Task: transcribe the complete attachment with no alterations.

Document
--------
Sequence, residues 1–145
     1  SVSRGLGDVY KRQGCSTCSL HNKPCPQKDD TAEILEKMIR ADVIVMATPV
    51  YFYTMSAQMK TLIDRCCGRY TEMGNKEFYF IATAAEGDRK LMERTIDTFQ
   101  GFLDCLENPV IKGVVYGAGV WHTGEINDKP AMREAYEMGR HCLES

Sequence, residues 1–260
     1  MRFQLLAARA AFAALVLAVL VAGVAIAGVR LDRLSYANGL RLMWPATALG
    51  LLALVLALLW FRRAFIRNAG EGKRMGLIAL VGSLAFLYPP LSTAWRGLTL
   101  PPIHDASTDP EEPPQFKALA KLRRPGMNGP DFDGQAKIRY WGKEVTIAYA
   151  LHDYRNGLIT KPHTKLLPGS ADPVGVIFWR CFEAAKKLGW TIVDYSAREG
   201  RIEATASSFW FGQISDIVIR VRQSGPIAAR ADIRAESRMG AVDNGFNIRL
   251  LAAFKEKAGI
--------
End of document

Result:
Sequence, residues 1–145
     1  SVSRGLGDVY KRQGCSTCSL HNKPCPQKDD TAEILEKMIR ADVIVMATPV
    51  YFYTMSAQMK TLIDRCCGRY TEMGNKEFYF IATAAEGDRK LMERTIDTFQ
   101  GFLDCLENPV IKGVVYGAGV WHTGEINDKP AMREAYEMGR HCLES

Sequence, residues 1–260
     1  MRFQLLAARA AFAALVLAVL VAGVAIAGVR LDRLSYANGL RLMWPATALG
    51  LLALVLALLW FRRAFIRNAG EGKRMGLIAL VGSLAFLYPP LSTAWRGLTL
   101  PPIHDASTDP EEPPQFKALA KLRRPGMNGP DFDGQAKIRY WGKEVTIAYA
   151  LHDYRNGLIT KPHTKLLPGS ADPVGVIFWR CFEAAKKLGW TIVDYSAREG
   201  RIEATASSFW FGQISDIVIR VRQSGPIAAR ADIRAESRMG AVDNGFNIRL
   251  LAAFKEKAGI